Tuesday, November 22, 2011

Reasons Decide The Conclusions

The criteria for evaluating the issue of the existence of God is already God level. It has to be, in order to have the authority as sole systemic instrument for analysis---the ultimate epistemic court of last resort---to decide this universal ultimate question. Those criterial assumptions not only imply the existence of God---they are a proper subset of the divine mind. That's guaranteed by their universality, necessity, and ultimacy, even _prior_ to a successful argument.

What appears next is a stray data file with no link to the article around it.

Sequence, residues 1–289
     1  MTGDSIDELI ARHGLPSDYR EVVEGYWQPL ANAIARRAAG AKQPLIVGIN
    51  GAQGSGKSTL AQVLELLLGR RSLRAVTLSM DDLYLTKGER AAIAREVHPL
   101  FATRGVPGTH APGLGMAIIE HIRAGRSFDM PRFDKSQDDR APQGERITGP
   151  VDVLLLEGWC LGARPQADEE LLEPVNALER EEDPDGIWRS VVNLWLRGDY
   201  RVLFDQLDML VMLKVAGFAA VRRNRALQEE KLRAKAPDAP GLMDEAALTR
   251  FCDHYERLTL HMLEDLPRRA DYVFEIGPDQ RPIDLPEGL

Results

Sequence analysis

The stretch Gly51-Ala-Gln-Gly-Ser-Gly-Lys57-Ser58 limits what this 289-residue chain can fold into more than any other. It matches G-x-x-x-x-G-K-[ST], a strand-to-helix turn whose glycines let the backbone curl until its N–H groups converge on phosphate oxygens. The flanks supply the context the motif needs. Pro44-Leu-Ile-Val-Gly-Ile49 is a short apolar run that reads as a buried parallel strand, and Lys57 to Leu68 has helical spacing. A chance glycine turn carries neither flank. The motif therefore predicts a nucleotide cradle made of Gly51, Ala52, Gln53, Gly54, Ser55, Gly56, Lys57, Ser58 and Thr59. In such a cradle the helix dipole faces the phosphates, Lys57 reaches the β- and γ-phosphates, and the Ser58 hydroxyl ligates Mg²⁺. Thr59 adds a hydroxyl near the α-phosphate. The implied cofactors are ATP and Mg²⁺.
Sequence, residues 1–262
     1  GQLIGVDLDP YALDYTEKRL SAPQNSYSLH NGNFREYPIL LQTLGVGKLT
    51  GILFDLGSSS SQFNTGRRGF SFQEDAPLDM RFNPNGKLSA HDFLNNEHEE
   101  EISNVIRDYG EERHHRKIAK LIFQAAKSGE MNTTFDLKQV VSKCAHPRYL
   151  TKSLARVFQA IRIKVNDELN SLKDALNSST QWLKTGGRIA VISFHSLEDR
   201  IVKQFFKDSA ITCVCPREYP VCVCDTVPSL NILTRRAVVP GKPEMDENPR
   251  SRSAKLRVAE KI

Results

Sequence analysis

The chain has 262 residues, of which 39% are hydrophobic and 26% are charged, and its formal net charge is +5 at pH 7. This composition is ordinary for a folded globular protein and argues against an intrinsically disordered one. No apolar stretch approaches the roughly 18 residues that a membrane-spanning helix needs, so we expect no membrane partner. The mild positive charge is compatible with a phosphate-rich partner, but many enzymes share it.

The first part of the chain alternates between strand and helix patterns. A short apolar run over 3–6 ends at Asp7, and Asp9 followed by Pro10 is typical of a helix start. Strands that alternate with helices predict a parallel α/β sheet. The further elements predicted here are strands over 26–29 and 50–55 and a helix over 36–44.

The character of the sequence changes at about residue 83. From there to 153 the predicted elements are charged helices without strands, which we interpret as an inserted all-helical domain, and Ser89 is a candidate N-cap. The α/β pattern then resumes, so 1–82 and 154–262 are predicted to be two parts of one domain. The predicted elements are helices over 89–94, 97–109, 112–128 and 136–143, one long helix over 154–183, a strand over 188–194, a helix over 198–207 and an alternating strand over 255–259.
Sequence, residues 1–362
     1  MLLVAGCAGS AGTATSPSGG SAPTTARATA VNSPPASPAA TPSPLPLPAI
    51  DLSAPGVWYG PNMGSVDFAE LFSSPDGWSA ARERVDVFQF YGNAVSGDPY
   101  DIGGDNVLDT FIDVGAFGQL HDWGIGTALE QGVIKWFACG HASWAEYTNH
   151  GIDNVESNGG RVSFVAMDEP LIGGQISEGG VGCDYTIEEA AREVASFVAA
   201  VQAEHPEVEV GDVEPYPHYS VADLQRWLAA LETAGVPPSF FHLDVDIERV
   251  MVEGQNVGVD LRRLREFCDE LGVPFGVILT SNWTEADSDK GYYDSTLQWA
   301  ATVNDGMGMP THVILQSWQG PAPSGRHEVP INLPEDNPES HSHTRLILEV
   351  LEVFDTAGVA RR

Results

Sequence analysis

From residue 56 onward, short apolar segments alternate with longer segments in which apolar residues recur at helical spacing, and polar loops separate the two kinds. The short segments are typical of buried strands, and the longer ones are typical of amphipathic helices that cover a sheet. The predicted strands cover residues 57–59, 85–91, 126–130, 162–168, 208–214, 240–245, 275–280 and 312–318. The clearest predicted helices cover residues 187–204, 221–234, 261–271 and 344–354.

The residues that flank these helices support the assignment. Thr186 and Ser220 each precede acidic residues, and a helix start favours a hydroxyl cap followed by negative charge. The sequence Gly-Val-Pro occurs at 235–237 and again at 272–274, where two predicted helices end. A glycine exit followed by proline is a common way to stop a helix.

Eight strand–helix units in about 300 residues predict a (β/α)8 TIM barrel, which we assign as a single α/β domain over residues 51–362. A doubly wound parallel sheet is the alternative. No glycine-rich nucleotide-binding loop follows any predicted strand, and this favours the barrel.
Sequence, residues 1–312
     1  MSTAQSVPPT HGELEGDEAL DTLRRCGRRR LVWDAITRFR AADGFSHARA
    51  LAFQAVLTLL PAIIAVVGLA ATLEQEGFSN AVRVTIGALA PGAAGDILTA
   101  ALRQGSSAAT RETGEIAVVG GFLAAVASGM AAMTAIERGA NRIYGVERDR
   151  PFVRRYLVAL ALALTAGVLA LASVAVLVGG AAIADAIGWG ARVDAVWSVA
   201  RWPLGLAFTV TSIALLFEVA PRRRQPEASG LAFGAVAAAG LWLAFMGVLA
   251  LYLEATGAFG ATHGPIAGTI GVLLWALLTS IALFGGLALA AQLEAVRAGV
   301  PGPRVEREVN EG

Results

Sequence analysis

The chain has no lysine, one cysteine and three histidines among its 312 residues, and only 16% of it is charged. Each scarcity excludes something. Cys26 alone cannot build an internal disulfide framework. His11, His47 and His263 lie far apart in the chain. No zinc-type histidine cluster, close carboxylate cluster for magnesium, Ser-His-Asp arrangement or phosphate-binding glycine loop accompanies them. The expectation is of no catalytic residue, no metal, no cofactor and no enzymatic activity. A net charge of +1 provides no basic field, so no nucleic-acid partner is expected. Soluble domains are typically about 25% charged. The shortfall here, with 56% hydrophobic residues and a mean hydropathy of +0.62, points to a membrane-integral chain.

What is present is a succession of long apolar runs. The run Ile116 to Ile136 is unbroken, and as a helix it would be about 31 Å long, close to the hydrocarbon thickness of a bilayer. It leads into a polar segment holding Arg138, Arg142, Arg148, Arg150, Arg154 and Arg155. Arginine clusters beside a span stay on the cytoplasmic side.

To give reasons is to appeal to a higher authority than the conclusion for precisely the purpose of judging that conclusion's truth value. But in the case of arguing for God on the basis of criterial and other background assumptions, those ultimate reasons end up being necessary aspects of the ultimate mind whose existence those reasons necessarily imply.